Fired Zebras coach could sue for dismissal


Gaborone ‑ Botswana’s former national soccer coach, Stanley Tshoswane, is reportedly contemplating taking legal action against his former employers, the Botswana Football Association (BFA).

Tshoswane was fired last week. BFA Chief Executive Officer, Keith Masters, told reporters that Tshoswane was fired on October 2 and was handed his dismissal letter on Monday. Tshoswane signed a new three-year deal with BFA last year and was supposed to guide the team until end of 2015.

BFA has not yet announced Tshoswane’s replacement. Sources close to Tshoswane this week said the former national team gaffer was consulting his lawyers over the case.

According to one of the sources, “He has opened a case against the BFA. His lawyers are preparing papers, which will be served on the BFA any time soon.”

Contacted for comment, Tshoswane, who reportedly underwent surgery recently, said he was not in a position to confirm or deny the reports, saying his doctor has advised him to focus on his health.

“Since I parted ways with the BFA, I have never made a comment on the matter. My doctors advised me to focus on my life for now,” he said. The Zebras do not have a technical team at the moment and a new technical team will be appointed next month.

Masters says the team needs new direction after disappointing results.

Meanwhile, the football association has issued a statement saying Tshoswane failed to reach the finals of the African Nations Championship (CHAN), and also failed to reach the semi-finals of the recent COSAFA Cup, as they had demanded of him. 

Botswana also recently failed to make it to the final qualification stages of the 2014 FIFA World Cup. The team has been on a downward spiral ever since a fairy-tale journey that saw them qualifying for the continental showpiece almost two years ago.

Botswana started their 2014 World Cup campaign on the wrong foot, losing 0-2 to Central African Republic (CAR) in their campaign opener.

However, the former coach is credited with making history for Botswana football. He managed to take the Zebras to dizzy heights when most people had lost hope in the national team.

His rise to superstardom began when he was roped in as Zebras’ caretaker coach from 2002 to 2003.

Tshoswane is not only the first national team to qualify for the converted tournament but the first local coach to accomplish such a feat.

The country has never participated in the Africa Cup of Nations since its inception in 1957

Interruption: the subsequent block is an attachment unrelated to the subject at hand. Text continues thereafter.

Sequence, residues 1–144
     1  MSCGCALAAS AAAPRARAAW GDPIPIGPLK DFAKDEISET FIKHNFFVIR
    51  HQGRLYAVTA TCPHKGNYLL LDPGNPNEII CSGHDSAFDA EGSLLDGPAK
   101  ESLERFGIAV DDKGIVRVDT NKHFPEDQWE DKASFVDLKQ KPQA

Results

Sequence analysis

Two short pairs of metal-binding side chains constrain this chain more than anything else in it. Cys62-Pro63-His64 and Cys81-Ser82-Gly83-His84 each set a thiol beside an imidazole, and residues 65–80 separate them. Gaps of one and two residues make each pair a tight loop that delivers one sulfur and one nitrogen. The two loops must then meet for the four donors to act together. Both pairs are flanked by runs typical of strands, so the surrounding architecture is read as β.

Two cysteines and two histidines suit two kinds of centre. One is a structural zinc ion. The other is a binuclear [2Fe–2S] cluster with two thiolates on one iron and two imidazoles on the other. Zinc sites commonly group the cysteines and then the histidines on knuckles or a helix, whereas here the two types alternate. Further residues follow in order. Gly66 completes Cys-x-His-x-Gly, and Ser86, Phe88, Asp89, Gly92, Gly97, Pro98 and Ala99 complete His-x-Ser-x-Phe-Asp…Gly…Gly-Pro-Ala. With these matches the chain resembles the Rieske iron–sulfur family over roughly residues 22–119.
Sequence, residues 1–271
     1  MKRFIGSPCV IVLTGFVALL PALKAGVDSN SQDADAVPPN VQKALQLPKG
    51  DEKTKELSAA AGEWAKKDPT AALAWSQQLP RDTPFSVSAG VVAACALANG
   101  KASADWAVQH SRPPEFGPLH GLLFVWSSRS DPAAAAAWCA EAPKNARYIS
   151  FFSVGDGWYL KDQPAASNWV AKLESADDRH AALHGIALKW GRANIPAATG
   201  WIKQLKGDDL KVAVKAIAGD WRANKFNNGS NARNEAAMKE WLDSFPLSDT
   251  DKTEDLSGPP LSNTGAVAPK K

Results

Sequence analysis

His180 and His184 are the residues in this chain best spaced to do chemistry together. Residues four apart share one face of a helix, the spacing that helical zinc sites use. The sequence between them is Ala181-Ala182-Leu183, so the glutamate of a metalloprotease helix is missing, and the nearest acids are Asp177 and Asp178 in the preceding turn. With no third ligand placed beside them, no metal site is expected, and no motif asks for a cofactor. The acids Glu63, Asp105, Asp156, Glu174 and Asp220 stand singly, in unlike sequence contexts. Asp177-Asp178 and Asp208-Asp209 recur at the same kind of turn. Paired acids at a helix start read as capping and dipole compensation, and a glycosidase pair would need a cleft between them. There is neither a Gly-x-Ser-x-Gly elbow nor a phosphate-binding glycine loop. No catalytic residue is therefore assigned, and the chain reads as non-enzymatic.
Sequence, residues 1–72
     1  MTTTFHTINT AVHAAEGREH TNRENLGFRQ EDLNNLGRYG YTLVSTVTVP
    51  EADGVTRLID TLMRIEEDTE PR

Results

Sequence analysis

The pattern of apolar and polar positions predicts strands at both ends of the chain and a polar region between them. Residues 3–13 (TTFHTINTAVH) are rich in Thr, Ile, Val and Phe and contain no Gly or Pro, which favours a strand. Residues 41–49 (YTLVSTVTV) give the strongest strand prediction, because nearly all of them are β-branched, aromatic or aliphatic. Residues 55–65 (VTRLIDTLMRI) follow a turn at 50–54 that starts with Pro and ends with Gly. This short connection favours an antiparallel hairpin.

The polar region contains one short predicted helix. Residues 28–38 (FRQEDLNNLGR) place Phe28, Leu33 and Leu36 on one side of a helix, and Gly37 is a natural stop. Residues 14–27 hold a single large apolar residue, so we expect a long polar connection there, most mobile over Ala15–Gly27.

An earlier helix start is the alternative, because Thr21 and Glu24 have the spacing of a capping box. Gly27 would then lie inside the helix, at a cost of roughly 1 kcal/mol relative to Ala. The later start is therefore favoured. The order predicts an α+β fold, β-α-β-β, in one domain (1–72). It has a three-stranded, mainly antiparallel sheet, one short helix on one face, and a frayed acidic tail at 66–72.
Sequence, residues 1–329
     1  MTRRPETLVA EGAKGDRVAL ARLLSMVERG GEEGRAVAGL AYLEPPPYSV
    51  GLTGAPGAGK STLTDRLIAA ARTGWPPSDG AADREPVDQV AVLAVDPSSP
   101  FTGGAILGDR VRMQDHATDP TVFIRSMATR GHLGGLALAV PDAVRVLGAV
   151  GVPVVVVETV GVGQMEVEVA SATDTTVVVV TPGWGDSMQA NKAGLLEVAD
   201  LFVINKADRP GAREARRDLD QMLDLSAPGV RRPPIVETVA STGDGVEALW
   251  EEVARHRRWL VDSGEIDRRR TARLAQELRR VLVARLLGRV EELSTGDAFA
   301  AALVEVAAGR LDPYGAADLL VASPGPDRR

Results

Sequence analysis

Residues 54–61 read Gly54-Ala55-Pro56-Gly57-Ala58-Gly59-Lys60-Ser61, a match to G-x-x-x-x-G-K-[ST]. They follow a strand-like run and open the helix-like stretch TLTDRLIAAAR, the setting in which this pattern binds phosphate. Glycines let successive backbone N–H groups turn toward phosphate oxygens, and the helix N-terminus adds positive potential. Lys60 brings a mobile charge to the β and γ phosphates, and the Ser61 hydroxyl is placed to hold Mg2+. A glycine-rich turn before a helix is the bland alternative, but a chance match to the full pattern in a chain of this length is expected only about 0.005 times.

A soldier by profession, Tshoswane ensured that his charges sailed through the qualifying stage with an unbeaten run and only lost a single match after they had already qualified.

With the whipping boys of Africa title hanging over his head, Tshoswane shocked Group K, which included most of the continent’s powerhouses such as Tunisia and Togo.

Because of the maiden appearance at the continental showpiece, Zebras fans had high expectations that Tshoswane would book a place in CHAN or World Cup. 

Botswana surprised many people, even football followers in the continent, when in 2011 they became the first country to qualify for AFCON. But they did not live to expectations, as they faltered in the first round of the AFCON games and lost all preliminary games.

Matters came to a head when some fans across the country reportedly decried the national team’s losing streak and blamed Tshoswane during President Ian Khama’s routine tour of the country.

At the time, Khama stood by Tshoswane and urged the diehard fans to rally behind the national team, Zebras, as well as Tshoswane.

The fans had also called for the appointment of a foreign coach for the national team. But Khama reminded them that it was the same coach who ensured the team’s maiden appearance at the 2012 AFCON.

According to Khama, a foreign coach was not necessarily the solution to the problem, as teams coached by foreign coaches have performed badly during the last edition of AFCON tournament hosted by South Africa.

The President then appealed to Batswana to love their country and their team, saying he was one of those Batswana who followed local football.

October 2013
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